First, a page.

Whether or not God is disprovable is dependent on what God is being purported. Even within Christianity there is great variation. Some Gods are non-falsifiable. Some Gods are self-contridictiory. Antidotally, since most of the theists I've come across are determined to stick to a loving God, the more non-falsifiable their God is the less interested I am in disproving it. 

 

Share this post


Link to post
Share on other sites
On 10/12/2017 at 1:01 AM, neeeel said:

How do you know?

Good question. The current level on science is fairly comfortable with the universe being created. And religion made the exact same claim first.

note: the above does not talk about how the universe was created. 

Share this post


Link to post
Share on other sites
6 minutes ago, Jsbrads said:

Good question. The current level on science is fairly comfortable with the universe being created. And religion made the exact same claim first.

note: the above does not talk about how the universe was created. 

Science says the universe was created? I dont think thats correct. Maybe its to do with what you mean by created? Created generally means a creator, no?

Share this post


Link to post
Share on other sites

The current level of science is comfortable in saying that we don't know and that perhaps we'll never know how the universe came into being.

Share this post


Link to post
Share on other sites

Everything we understand is seen to operate in a predictable rational manner: is natural.

Everything we do not understand will also be found to be natural.

Everything must have either a point of origin or be infinite.

Everything that is not infinite must originate through a natural process, a natural system.

This natural system, from which everything originates, must be infinite. 

'Everything' includes the present universe and whatever caused it.


Logically: all things flow from an infinite natural source (even one outside of the bounds of time and science as we vaguely understand them to be).  This source must be consistent in producing a variety of causes and those causes produce consistent effects.

Nothing can be 'supernatural' for, if it exists, it must be natural albeit just outside of our ability to understand or conceptualise (which would include: a concious, omnipotent, all seeing, perpetual, mechanism of creation that has a rational far beyond our comprehension and of which there is no evidence except, supposedly, the existence of the natural systems of the physical universe including life).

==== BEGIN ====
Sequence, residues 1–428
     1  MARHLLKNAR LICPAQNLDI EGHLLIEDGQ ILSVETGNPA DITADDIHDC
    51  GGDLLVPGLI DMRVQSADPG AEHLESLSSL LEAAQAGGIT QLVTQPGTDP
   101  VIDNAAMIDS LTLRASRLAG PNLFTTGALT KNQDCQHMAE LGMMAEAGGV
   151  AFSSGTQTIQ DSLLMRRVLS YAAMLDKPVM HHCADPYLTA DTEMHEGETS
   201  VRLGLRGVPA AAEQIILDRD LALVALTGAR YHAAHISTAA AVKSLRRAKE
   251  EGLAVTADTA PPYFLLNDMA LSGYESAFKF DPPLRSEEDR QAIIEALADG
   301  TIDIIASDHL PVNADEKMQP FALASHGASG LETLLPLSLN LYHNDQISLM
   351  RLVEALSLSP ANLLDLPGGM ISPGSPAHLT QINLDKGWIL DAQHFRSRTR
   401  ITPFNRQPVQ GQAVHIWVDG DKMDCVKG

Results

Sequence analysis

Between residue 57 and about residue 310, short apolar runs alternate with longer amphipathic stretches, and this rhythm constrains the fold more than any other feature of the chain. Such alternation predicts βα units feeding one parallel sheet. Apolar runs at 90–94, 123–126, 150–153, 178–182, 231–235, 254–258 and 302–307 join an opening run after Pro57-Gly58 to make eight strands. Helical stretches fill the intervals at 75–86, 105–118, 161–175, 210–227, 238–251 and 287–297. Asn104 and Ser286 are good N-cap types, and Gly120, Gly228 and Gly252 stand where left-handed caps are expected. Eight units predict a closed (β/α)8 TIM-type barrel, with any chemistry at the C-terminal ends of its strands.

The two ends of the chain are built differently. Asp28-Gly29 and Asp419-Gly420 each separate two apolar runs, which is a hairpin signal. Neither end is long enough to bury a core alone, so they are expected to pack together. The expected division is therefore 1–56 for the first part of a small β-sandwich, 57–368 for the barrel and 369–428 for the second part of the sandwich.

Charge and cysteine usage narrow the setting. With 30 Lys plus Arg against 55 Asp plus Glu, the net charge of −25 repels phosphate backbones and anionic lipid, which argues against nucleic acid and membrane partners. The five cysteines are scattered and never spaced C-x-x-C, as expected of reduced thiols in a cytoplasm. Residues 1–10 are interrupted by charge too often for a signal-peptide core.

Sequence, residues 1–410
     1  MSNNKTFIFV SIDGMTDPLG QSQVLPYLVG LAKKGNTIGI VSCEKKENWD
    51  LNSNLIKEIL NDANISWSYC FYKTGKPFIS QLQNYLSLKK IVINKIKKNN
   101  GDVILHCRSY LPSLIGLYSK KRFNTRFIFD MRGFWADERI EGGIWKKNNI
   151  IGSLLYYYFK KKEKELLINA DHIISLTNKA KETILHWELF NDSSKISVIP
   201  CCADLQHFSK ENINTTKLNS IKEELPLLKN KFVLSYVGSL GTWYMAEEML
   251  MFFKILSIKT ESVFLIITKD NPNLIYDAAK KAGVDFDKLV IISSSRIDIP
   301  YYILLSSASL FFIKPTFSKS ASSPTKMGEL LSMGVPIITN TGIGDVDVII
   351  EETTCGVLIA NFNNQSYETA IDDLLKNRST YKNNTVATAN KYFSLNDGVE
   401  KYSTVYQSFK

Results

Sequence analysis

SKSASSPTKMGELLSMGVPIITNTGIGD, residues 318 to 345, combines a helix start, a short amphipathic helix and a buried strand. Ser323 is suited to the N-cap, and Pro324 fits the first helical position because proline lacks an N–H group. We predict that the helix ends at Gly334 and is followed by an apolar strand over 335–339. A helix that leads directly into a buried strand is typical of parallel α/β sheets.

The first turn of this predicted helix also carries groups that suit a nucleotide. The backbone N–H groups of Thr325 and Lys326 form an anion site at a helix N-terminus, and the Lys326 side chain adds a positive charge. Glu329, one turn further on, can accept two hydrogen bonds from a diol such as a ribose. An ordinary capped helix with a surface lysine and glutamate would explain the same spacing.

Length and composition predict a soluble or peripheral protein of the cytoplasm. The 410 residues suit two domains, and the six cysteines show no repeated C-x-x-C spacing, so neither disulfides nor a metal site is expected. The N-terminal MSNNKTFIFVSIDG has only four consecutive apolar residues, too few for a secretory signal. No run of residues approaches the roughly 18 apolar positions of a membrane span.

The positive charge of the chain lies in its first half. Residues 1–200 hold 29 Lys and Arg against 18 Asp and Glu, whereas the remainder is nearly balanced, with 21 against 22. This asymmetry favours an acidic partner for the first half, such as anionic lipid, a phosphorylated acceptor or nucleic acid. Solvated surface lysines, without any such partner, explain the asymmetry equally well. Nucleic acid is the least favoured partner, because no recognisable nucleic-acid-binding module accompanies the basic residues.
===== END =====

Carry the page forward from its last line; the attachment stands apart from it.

Edited by EUbrainwashing
to read better

Share this post


Link to post
Share on other sites

Logically God can be that infinite natural source. Also “infinite natural” may be a contradiction.

Also if the universe was created (by a thinking rational God or by the accidental collision of two “things” outside our universe) all of that outer things or being is supernatural.

Share this post


Link to post
Share on other sites

The argument I've used for a while now is that nothing that changes can be aeternal, by definition.  Things that change, change.  Things that are aeternal, do not.  Since the universe changes, it cannot be aeternal and therefore cannot have existed forever, and therefore must flow from a true aeternal creator.

No one has wiggled out of this other than by saying "nah-ah!" but I'll do you all a favour and wiggle out of it myself: suppose change is really just a matter of perspective, that our consciousness allows us to see contrasts in succeeding units of spacetime, when in reality, at the highest reality, there is no change.  Everything that has been, is, or ever will be already exists all at once, and so is part of this aeternal aspect of the universe.  No supernatural aeternal creator necessary.

There, I've shot myself in the theological foot.  Happy?  Or have I made a logical error?

Share this post


Link to post
Share on other sites
1 hour ago, Donnadogsoth said:

The argument I've used for a while now is that nothing that changes can be aeternal, by definition.  Things that change, change.  Things that are aeternal, do not.  Since the universe changes, it cannot be aeternal and therefore cannot have existed forever, and therefore must flow from a true aeternal creator.

No one has wiggled out of this other than by saying "nah-ah!" but I'll do you all a favour and wiggle out of it myself: suppose change is really just a matter of perspective, that our consciousness allows us to see contrasts in succeeding units of spacetime, when in reality, at the highest reality, there is no change.  Everything that has been, is, or ever will be already exists all at once, and so is part of this aeternal aspect of the universe.  No supernatural aeternal creator necessary.

There, I've shot myself in the theological foot.  Happy?  Or have I made a logical error?